TRCLC 18-02

TRCLC 18-02: Investigating and Prioritizing Factors for Quantifying Bikeability

Authors: Valerian Kwigizile, Jun-Seok Oh, and Sia M Lyimo 

Summary: The main objective of this study was to investigate, identify, analyze and prioritize bikeability factors of an area. This study intended to investigate the existing methods for quantifying bikeability of an area and perform a detailed assessment to develop/propose a methodology for identifying and prioritizing factors that can be used to quantify bikeability.

Problem: A need to attract more people into using bikes as their mode of transportation calls for necessary arrangements to make sure that their safety and comfort are observed. Cyclists consider different factors to measure how bikeable different routes are with respect to how they perceive the level of comfort and safety offered by the particular routes. Bikeability is an important element that must be considered in the planning of bicycle facilities. Due to resource constraints, it is imperative for planners and engineers to be able to identify and focus on important factors that promote cyclists’ friendly environment. The current study utilized Analytical Hierarchy Process (AHP), a multiple criteria decision analysis technique, to rank the relative importance of bikeability factors for on-road bike designated bike lanes. AHP analysis technique was chosen due to its ability to convert subjective judgment to a numerical value which can easily be incorporated in decision making process.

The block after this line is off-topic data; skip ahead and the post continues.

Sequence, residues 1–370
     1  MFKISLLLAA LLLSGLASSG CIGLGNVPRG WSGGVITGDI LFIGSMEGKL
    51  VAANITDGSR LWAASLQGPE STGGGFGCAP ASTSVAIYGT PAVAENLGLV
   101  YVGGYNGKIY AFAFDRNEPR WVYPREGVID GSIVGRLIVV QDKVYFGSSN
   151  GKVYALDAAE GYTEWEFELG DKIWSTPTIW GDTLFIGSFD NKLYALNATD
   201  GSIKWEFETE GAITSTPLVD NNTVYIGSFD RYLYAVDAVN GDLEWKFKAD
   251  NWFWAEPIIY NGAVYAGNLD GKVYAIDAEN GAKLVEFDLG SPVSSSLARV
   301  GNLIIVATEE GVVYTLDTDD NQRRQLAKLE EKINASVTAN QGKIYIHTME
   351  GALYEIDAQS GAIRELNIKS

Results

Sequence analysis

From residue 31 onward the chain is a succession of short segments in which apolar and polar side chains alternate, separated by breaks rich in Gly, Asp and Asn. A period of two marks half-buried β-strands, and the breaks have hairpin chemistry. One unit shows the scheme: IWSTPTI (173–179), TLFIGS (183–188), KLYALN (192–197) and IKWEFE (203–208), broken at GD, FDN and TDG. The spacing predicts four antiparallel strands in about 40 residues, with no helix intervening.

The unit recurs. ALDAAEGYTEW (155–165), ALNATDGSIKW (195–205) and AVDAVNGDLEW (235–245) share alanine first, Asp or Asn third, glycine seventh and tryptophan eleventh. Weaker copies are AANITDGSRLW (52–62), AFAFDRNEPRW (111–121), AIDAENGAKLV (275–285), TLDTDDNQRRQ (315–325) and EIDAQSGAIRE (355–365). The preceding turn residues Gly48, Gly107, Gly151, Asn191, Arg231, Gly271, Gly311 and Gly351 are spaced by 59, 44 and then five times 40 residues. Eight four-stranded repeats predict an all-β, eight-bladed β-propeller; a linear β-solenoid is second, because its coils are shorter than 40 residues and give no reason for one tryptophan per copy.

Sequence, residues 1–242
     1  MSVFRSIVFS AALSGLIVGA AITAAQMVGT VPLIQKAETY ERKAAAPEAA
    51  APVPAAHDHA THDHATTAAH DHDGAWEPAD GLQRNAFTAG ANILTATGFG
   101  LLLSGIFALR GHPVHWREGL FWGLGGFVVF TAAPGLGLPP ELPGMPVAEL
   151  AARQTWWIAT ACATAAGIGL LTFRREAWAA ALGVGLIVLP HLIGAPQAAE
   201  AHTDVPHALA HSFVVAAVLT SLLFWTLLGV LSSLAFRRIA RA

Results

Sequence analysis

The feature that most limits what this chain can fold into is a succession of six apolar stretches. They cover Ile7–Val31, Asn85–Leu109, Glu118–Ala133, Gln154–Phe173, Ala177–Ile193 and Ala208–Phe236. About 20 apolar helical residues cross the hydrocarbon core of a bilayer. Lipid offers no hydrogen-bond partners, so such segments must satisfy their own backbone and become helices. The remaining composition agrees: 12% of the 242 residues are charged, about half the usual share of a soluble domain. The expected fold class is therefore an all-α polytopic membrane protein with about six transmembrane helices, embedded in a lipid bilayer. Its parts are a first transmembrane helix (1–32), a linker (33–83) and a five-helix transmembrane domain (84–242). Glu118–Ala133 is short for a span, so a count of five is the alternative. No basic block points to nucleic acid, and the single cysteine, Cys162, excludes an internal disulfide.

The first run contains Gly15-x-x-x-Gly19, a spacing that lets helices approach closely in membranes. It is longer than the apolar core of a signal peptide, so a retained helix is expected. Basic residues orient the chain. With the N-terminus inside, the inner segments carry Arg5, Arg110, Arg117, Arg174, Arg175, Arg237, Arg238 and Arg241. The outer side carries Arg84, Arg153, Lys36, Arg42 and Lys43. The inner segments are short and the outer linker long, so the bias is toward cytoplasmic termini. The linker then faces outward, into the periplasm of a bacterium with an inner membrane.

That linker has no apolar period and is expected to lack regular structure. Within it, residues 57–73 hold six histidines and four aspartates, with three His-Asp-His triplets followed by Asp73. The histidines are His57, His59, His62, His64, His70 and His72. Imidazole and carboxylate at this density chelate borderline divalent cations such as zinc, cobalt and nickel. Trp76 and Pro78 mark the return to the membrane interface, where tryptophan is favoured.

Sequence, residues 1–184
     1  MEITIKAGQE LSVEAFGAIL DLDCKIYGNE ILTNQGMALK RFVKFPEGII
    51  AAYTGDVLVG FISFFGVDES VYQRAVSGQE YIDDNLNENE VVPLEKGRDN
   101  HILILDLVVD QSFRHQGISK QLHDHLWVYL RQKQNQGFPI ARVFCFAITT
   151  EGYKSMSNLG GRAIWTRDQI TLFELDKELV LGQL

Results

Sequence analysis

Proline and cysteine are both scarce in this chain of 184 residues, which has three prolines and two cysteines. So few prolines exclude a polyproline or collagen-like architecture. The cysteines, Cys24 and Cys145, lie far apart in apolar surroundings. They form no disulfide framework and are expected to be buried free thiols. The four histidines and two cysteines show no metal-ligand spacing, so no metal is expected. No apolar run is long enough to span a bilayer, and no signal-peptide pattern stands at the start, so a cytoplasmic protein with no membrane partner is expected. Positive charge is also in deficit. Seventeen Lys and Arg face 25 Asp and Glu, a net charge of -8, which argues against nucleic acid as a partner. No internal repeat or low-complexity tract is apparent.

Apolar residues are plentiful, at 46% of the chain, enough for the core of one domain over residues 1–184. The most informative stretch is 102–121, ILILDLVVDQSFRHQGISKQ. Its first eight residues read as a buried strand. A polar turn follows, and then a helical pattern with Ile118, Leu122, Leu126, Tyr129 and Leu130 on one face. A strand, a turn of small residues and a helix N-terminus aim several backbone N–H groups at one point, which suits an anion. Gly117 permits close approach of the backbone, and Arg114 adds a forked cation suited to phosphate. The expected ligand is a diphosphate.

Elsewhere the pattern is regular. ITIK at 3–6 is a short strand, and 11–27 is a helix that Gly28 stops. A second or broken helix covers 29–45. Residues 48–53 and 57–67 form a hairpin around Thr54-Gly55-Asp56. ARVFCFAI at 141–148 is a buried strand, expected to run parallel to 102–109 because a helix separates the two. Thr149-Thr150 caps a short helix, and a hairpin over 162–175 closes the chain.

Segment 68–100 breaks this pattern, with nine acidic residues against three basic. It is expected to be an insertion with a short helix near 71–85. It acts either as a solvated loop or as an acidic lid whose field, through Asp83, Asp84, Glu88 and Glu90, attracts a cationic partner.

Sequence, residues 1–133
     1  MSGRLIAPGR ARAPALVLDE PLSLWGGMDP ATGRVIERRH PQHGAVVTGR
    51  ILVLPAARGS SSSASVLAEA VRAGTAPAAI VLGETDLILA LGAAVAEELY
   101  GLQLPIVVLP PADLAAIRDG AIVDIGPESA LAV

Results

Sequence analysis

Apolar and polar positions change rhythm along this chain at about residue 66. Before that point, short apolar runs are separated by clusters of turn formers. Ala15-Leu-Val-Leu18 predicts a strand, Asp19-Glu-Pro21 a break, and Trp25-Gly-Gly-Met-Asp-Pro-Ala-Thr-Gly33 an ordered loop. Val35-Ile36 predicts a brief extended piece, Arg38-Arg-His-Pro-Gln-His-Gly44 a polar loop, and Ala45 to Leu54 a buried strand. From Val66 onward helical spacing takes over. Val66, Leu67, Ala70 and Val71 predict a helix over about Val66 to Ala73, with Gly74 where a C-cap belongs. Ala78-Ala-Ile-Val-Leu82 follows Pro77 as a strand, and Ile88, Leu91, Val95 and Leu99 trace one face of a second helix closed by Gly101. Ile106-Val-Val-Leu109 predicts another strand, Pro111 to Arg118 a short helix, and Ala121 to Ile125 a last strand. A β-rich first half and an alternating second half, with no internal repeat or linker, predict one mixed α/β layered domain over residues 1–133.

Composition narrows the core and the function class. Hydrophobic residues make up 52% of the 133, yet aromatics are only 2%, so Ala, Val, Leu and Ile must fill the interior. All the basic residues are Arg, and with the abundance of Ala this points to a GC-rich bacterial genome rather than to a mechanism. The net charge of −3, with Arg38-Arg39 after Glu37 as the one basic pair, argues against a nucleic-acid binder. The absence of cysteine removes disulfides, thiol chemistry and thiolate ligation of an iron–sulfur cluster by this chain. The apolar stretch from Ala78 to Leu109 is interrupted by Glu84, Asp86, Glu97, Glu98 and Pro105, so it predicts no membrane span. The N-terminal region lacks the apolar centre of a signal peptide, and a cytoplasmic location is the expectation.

Research Results:  For on-road designated bike lanes out of 21 factors that were investigated, the presence and enforcement of passing distance were ranked as the most important factor to consider when assessing the bikeability of on-road bicycle facilities. Other important factors in descending order of importance were bike lane marking, presence of on-street parking, bike lane type, presence of roadside hazards, motor vehicle speed, presence of paved shoulders and motor vehicle volume, among others. The results from this research form a basis for the factors deemed important by cyclists, planners and designers when assessing the bikeability of on-road bicycle lanes.


Final Report